One of the pieces of advice I’ve come across from writers who have themselves experienced mental illness is (1) do your research, but (2) remember that not everyone’s experience is the same. While one person may think a particular story hasn’t “handled” this subject right, another may find it matches their own experiences closely.

      Hope you give it another shot one day 😊

      Liked by 1 person

  5. barbarabrutt
    19/04/2018 at 10:13 PM

    For being aware that mental illness is a big part of life for people in my community as well as in the world in general, I haven’t thought about it much in the extent of books. When I saw your post come into my inbox, I knew I needed to take the time to read it.

    Mental Illness written correctly can be a big part of the story and really help readers to learn empathy for those in their lives struggling with these things (or even for themselves!).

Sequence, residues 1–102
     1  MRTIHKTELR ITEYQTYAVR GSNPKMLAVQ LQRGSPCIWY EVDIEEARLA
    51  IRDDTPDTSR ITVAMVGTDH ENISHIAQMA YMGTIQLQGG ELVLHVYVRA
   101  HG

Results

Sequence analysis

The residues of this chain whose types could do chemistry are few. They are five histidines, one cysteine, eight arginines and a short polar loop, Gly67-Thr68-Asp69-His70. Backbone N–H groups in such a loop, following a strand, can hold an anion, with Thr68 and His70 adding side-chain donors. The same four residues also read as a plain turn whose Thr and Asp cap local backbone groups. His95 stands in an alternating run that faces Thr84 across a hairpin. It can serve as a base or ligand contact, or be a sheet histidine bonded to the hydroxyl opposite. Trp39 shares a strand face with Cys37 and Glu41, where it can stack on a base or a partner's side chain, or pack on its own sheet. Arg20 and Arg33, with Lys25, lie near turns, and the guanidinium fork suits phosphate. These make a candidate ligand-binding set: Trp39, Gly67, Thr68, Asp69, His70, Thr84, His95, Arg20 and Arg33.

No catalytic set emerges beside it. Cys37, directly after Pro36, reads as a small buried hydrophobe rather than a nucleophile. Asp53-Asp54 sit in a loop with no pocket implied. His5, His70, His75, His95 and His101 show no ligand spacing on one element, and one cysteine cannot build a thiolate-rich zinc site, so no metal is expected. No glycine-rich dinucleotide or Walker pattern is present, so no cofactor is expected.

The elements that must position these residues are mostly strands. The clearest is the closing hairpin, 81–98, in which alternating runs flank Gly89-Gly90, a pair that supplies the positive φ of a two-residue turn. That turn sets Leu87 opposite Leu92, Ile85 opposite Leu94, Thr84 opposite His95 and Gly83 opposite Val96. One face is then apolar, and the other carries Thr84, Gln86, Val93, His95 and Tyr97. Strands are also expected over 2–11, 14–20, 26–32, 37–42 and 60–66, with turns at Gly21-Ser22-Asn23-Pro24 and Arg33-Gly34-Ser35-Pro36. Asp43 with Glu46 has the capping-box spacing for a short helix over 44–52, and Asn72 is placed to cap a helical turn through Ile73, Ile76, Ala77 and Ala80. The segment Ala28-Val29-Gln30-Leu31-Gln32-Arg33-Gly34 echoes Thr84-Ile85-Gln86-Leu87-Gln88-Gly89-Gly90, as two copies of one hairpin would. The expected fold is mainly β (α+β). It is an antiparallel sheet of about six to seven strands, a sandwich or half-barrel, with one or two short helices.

Um. yes. I hate when “love” solves everything. Of course, I want a happy ending, but love like that is pretty fairy tale!

    Have you read We Were Liars? It’s not really about mental illness, but I think it showcases how the mind is a huge part of the story *tries to sidestep spoilers.*

    Liked by 1 person

    • 19/04/2018 at 10:20 PM

      Thanks for commenting! Books can teach us all sorts of things when done right, and I think this is one of the really important ones (hence the post). I haven’t read We Were Liars but I have heard about it and stumbled across it on Goodreads too many times to count! Sounds like I need to take the time to read it 😊